“To be at the next level, you have got to have that one great skill and his is shooting the ball. He’s arguably the best in his (recruiting) class. But he’s a total player. He competes every possession no matter who you are playing. He never takes a possession off. He’s always battling and competing on both ends. Kentucky fans are going to love that, too.”

Dean Hood
Former Eastern Kentucky head coach Dean Hood knew about the Kentucky football program from “afar” and thought he saw Coach Mark Stoops making improvements.
Now that he’s on staff as special teams coordinator/outside linebackers coach everything he thought has been confirmed.
“I joked with coach Stoops before we played them two years ago that, ‘Coach you have a fan down in Richmond, Ky., and I am cheering for you. I see you getting better because as you are getting better, we are getting better transfers,’” Hood laughed and said.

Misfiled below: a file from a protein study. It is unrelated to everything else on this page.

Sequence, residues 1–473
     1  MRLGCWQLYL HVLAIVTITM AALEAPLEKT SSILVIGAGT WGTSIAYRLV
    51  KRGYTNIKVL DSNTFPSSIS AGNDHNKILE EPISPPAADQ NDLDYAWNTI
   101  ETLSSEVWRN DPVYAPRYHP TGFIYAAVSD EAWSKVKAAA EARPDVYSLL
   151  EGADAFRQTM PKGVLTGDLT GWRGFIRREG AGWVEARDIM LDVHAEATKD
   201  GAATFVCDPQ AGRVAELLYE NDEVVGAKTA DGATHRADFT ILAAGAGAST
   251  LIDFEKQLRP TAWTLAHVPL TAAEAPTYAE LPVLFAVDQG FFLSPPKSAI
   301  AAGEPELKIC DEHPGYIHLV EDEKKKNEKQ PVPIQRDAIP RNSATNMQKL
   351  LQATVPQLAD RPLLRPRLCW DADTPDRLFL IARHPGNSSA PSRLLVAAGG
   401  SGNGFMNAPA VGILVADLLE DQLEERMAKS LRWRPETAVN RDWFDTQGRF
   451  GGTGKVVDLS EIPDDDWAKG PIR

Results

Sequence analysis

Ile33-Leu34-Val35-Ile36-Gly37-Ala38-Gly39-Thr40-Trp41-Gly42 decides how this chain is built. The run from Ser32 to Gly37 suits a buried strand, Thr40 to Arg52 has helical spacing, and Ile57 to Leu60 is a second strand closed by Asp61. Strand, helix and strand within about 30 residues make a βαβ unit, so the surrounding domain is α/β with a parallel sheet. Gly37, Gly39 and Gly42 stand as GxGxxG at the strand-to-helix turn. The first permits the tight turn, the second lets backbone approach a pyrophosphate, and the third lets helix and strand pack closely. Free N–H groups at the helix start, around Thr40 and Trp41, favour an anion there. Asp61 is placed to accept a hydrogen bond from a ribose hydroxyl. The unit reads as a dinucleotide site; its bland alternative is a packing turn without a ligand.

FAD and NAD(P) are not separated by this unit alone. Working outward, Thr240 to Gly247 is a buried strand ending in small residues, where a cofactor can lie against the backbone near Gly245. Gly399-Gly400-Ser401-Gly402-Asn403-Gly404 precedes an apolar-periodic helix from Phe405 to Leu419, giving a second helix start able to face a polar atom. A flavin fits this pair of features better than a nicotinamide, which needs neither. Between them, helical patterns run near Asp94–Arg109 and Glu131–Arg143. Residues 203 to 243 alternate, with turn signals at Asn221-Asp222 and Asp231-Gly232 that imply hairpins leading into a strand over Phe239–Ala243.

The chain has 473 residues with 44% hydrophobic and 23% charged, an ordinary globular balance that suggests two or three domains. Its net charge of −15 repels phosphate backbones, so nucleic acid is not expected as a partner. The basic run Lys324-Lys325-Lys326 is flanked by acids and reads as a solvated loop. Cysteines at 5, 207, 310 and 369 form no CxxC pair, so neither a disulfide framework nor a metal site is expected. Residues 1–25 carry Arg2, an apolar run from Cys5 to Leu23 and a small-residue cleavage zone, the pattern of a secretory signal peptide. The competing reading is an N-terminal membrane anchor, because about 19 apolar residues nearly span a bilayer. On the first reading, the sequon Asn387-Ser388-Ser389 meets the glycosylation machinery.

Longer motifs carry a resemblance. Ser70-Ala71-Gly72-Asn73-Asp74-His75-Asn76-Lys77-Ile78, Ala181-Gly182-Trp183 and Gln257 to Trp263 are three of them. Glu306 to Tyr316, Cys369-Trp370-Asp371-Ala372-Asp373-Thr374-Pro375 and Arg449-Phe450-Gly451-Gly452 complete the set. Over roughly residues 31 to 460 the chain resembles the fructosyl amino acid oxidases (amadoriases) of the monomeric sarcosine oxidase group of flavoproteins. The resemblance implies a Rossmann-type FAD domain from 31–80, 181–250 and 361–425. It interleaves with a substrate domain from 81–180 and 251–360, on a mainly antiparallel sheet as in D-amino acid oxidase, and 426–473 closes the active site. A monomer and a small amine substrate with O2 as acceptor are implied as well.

“Before they were very good, we would get guys that were just ok. Then they started getting better and we got DeShawn Mobley and he was player of the year in our conference. So I said, ‘Coach I am cheering for you to get better because that means we will get better’ and I saw that.”
Hood thought the biggest thing Stoops did to change the program was making recruiting Ohio a priority from day one.
“It’s easy to say when you not sitting in that chair (as UK coach), but I always thought why would someone not go north to recruit. Why would everybody want to battle and try to beat all the SEC schools in Florida and Georgia when you are the northern most school in the SEC,” Hood said.
“When Coach Stoops got here he did that right away. He went and started recruiting Ohio and I thought that is what needed to be done at Kentucky. Go up there and beat Purdue, Illinois and Northwestern rather than bang your heads against the wall down south and I saw that immediately when he got here. Now you see those players running around from Ohio and I know my thoughts were correct and they are making us better.”

Kentucky picked up a verbal commitment from Florida receiver, Shocky Jacques-Louis. He’s only rated as a three-star player and had just 20 catches for 308 yards and five scores last season.
However, Adam Regan, prep sports writer at The News-Press in Fort Myers, Fla. (news-press.com or @NP_AdamRegan on Twitter), says not to underestimate the talent the 6-0, 170-pound player has. Regan says his numbers likely won’t be eye-popping this season, either.